And so I think it’s the intersection of those three things. I tell people this all the time: If Chesa had come out right away on any of those three issues and said, "Look, we are heavily focused now on making your safety a priority. We will do what it takes. We will hold people accountable," and if we saw that play out in the court system, I don't think he'd be here right now. But he took the attitude of, "No, it's just perception. No, the data tells us something different. No, statistics tell us crime is down. This is all in your minds. I don't want to criminalize poverty."
We had multiple Asian victims come out saying the DA's office hadn't used interpreters, or were sending people who had committed these violent assaults through diversion, all these things that were coming to light. And I think people just said, "This is not okay; this is not what we signed up for. " Only 36% of people gave him first place votes. So it wasn't like he had some mandate here to make some big splash.
I thought you made also a really good point during the Commonwealth debate that there is a mechanism in California that if someone is arrested on a drug charge, their immigration status must be taken into account, lest they be deported and sent home to face retribution or death at the hands of the drug cartels. There are going to be few people that are going to be, "Yes, send the dude back to Honduras to get murdered." But it also sets up a system where justice is not meted out fairly, it seems. What if it’s not Juan from Honduras but John from Schenectady? Is John going to receive the same treatment for the DA?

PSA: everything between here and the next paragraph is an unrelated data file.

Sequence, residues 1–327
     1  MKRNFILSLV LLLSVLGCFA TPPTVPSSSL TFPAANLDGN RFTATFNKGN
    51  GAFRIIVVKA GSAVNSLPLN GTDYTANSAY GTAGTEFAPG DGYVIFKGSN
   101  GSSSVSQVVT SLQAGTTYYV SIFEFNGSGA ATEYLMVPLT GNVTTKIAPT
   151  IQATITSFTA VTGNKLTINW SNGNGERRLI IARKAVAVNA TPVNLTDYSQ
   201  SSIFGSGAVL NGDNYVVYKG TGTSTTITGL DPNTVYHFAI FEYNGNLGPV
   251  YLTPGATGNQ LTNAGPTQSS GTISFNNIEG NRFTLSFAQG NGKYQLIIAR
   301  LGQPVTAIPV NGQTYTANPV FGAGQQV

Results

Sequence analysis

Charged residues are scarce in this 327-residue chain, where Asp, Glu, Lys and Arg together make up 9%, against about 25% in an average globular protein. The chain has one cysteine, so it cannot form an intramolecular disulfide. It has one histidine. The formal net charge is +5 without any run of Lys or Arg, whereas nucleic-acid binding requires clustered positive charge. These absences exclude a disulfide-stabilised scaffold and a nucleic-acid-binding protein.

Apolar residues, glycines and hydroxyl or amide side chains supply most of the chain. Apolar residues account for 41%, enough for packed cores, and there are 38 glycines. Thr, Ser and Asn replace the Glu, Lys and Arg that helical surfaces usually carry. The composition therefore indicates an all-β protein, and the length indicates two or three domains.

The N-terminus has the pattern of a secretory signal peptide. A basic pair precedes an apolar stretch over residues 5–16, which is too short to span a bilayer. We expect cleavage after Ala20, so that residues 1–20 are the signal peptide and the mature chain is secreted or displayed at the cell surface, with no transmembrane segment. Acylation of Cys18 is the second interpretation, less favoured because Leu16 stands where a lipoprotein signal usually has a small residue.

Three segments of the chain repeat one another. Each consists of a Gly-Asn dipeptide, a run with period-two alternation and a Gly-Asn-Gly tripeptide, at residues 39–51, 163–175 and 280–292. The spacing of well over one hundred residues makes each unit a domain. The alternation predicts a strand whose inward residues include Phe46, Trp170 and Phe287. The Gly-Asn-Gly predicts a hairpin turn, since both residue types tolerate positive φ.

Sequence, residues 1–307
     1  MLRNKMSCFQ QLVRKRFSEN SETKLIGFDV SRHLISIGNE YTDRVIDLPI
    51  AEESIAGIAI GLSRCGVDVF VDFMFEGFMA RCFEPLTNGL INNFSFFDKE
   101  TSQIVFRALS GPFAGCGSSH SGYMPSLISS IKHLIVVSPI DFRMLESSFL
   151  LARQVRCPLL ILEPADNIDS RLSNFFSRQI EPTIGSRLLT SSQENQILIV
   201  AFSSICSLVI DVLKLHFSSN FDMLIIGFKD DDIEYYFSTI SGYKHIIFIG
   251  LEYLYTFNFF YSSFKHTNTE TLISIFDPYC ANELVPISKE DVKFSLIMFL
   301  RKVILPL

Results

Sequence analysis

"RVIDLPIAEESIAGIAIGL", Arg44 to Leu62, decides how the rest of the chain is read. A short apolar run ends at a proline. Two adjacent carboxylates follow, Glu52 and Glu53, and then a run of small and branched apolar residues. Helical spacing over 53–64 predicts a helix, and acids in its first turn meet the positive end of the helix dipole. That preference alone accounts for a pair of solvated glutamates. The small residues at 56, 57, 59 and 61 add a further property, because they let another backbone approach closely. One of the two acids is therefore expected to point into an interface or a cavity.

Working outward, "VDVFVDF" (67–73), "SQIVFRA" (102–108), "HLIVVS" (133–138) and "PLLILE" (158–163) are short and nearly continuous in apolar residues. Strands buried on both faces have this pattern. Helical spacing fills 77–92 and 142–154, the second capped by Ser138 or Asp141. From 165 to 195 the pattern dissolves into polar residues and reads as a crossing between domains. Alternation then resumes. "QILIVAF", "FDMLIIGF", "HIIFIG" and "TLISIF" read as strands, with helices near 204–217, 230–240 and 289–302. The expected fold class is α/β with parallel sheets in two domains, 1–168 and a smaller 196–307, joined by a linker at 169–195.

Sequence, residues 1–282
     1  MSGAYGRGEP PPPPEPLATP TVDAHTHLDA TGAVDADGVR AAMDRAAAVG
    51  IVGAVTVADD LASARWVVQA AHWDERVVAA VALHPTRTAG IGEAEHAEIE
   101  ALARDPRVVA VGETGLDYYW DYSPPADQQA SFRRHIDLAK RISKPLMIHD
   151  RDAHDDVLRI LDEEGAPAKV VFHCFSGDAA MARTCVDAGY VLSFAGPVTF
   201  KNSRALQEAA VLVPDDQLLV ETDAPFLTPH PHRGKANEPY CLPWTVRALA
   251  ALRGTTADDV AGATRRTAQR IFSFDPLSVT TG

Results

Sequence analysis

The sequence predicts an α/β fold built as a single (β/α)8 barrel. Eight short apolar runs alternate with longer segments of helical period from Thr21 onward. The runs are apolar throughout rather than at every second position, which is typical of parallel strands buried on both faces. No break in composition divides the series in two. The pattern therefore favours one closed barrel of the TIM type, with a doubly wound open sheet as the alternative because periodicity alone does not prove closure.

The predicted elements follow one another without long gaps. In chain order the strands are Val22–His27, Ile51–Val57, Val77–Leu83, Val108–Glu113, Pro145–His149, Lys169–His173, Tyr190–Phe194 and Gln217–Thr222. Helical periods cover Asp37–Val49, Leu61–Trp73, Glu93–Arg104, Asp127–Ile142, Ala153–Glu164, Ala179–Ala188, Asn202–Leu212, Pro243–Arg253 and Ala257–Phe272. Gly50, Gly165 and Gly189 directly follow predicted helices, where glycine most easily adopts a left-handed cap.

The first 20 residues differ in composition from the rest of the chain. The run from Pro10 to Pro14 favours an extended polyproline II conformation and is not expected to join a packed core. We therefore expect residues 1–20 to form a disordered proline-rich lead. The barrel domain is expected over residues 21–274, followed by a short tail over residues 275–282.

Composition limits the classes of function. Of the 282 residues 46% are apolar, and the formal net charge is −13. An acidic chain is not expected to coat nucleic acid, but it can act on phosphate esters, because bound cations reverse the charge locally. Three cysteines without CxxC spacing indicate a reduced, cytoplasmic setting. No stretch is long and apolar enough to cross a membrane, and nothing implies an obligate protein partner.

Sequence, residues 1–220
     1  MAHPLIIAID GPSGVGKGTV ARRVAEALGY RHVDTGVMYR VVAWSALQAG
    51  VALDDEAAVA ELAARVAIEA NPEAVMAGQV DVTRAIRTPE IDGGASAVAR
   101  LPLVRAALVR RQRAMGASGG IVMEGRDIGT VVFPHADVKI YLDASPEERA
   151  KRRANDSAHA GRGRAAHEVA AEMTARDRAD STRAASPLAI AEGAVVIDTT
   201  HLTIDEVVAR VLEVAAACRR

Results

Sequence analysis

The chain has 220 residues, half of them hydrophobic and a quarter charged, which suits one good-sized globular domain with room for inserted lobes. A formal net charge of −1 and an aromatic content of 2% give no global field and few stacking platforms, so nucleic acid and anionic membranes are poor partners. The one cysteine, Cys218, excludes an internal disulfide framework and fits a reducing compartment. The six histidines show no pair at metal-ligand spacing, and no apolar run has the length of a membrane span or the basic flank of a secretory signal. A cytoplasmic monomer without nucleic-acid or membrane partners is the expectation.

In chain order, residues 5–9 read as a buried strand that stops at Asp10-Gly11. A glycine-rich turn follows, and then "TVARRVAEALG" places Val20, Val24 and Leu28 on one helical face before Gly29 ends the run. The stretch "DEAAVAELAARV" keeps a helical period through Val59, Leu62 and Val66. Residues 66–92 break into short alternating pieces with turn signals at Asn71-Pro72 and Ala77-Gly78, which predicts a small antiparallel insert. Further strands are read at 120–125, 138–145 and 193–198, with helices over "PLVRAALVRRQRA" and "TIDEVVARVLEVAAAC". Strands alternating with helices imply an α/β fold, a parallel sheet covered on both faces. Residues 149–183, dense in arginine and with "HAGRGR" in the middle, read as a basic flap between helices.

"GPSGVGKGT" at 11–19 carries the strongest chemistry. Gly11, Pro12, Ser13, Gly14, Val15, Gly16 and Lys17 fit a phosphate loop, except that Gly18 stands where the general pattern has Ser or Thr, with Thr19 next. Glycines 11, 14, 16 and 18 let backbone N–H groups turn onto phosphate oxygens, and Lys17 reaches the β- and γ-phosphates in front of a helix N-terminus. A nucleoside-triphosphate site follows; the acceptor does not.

Jenkins: No. I spent three and a half years in our general felonies unit handling drug cases. And that's been an ongoing theme of mine. I'd say this to the public defenders, "Are you telling me that you're fine with giving Tyrone from the Bayview [neighborhood] a felony drug sales charge, but that I have to give this person from Honduras something less?” We can't be penalizing people for being citizens, either. It works both ways. My father is from El Salvador. He's not a citizen of this country. I actually was raised by a single mom because when I was born, he had to leave right after. He was only here on a student visa. So I fully understand immigration issues and my father coming from war torn country of El Salvador. [Boudin] is putting [non-citizen dealers] back out on the street with zero repercussions. A misdemeanor accessory after the fact is functionally nothing. You may as well just dismiss the case. Also, by putting them back out there with no consequence, he's doing nothing to help them change their lives.